In the 1980s we lived in Little Rock, Ark., and I worked as writer and broadcast producer at one of the state’s largest advertising agencies. Despite the city’s relatively small size, we had a lot of talent and some good clients. There was some really good advertising coming out of Little Rock at that time.
One of our largest accounts was ArkLa Gas (Arkansas/Louisiana). They had hefty budgets and really didn’t stint on their tv commercials. After all, they all went to the same country club as the guys from the electric company and wanted their commercials to stack up.
My boss, mentor and creative director, Bob Ginnaven, grew up in Memphis and went to Memphis State. He acted in every play he could get into, and struck up a friendship with a young actress from West Tennessee–Dixie Carter.
Fast forward a few decades. Bob is a partner in a Little Rock ad agency and Dixie is starring as Julia Sugarbaker on Designing Women. What most of you probably don’t realize is that the creators of that show has strong ties to Little Rock. All of the homes in the opening sequence were in Little Rock (including the stately mansion where that Bill and Hillary Clinton called home at the time). Often characters in the show would share a name with a well-known Arkansan and the four leading women even came to Little Rock to a benefit.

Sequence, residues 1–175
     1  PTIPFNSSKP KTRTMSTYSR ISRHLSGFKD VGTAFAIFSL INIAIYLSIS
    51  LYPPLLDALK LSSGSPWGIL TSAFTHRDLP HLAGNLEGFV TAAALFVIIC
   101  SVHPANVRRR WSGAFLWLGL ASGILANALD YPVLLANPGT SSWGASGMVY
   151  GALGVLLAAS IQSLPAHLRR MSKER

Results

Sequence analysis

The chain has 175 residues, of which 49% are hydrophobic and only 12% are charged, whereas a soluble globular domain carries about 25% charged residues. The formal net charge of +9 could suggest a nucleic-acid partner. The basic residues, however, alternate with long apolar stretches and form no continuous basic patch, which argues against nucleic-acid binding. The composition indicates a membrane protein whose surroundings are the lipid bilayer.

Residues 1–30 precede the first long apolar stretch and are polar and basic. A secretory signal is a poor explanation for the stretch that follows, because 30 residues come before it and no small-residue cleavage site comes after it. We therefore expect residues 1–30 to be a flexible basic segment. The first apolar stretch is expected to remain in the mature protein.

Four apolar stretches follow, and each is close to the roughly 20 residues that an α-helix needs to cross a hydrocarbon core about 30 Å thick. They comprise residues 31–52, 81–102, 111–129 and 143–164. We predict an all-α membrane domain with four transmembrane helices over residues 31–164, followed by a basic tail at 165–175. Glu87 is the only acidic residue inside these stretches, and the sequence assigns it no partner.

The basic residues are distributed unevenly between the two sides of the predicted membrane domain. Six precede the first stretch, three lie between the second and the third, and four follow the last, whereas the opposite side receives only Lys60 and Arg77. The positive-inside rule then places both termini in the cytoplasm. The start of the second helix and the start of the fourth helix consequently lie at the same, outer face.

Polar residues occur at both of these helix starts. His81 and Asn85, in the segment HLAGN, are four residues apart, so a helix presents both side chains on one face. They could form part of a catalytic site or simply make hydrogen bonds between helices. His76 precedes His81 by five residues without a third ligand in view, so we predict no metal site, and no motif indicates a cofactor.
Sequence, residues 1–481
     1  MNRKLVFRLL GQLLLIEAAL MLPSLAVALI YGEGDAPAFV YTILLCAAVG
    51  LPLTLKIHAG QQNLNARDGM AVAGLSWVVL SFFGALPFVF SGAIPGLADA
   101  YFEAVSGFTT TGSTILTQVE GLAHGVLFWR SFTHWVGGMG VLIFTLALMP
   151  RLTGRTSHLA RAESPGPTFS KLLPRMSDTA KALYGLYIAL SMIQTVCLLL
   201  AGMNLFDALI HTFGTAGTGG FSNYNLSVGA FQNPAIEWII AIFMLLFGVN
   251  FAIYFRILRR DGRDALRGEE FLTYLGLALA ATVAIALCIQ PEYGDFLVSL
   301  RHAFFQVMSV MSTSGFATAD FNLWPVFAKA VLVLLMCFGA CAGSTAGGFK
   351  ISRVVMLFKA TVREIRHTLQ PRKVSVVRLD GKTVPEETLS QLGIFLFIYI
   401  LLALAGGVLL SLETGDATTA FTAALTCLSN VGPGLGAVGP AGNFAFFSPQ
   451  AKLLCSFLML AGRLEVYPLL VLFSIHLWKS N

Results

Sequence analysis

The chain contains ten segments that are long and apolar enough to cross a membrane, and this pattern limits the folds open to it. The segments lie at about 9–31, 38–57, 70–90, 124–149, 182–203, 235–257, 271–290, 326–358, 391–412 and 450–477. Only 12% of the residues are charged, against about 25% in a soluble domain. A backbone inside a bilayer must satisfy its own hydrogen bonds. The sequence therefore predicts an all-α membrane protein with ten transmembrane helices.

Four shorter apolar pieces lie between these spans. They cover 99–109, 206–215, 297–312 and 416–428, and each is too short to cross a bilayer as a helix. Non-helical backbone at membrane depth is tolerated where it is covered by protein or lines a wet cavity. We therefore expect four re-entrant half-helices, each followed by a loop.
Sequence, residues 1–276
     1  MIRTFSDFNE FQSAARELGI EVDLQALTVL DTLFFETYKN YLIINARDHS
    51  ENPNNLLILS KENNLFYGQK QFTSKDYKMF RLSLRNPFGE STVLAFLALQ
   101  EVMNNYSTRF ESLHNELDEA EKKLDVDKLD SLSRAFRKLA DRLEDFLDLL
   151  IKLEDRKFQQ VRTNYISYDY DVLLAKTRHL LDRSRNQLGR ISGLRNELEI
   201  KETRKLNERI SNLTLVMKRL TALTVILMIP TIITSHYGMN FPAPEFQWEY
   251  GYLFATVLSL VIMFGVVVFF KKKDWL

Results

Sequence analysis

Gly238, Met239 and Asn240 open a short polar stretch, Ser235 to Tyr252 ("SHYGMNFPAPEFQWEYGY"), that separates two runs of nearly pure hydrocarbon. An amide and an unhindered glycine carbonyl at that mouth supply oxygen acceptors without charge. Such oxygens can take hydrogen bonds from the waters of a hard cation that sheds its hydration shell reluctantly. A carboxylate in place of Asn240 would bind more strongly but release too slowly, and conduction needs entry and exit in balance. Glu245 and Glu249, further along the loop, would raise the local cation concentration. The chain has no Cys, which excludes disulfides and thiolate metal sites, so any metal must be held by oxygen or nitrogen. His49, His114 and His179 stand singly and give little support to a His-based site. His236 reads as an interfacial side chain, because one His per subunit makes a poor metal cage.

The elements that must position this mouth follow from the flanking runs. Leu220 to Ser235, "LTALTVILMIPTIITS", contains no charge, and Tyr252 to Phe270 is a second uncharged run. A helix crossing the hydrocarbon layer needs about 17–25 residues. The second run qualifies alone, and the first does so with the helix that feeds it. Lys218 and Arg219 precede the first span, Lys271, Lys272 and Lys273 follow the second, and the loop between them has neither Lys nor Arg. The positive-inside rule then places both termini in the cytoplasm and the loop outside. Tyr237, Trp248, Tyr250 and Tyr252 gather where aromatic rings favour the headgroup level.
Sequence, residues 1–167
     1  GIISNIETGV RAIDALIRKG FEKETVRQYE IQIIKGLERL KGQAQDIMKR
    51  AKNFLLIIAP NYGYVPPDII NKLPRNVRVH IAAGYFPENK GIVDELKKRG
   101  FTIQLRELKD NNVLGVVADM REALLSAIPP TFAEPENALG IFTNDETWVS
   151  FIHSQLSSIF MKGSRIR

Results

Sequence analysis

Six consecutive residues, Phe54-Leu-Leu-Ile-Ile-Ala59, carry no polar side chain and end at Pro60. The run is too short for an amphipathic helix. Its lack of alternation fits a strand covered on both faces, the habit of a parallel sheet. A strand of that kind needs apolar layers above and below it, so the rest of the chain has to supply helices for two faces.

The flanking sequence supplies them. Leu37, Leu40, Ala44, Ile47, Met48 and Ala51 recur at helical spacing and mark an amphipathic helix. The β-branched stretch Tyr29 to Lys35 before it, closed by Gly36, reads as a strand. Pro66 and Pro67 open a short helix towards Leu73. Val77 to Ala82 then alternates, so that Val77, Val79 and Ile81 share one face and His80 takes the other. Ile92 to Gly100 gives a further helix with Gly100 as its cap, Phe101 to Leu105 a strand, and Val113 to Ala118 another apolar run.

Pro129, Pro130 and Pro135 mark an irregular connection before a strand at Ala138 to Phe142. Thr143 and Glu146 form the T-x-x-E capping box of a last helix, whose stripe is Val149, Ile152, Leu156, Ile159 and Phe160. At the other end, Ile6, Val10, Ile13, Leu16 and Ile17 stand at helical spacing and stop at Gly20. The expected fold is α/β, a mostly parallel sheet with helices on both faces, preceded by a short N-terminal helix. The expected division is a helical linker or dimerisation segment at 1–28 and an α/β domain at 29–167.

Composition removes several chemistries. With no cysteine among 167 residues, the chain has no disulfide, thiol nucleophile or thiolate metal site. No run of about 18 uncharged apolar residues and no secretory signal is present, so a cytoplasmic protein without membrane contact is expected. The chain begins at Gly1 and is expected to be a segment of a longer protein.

That’s when Bob and Dixie reacquainted themseleves. A few months later, Dixie agreed to come back to Little Rock to star in 4 tv commercials for ArkLa. These were really good spots and I wish I had a copy to show you. You’ll just have to take my word for it.
We pulled out all the stops…limos and hotel suites and catering and the biggest budget I ever had.
I met Dixie at her hotel the night before our shoot began. I nervously knocked on her door and she answered right away.
She was tiny. Sort of a bamboo pole with hair. You’ve never seen so much hair.
Anyhow, the next day after all the setting up and making up and nearly throwing up (just nerves on my part), it was time for Dixie to do her thing. And when she opened her mouth and started talking, we all went slack-jawed in amazement. We had all worked with some pretty good talent before–people who earned a living talking on camera–but this was different. This was all vintage champagne and home-grown tomatoes instead of Korbel and a hard, red, wintry piece of crap. Belgian chocolate instead of Herseys. First class instead of….well, you get the picture.
She ate constantly, drank like a fish and charmed us all completely.
We adored her and I know that no city is sadder about her recent death than Little Rock.
Here’s a little vintage Dixie to remind you of her fabulosity.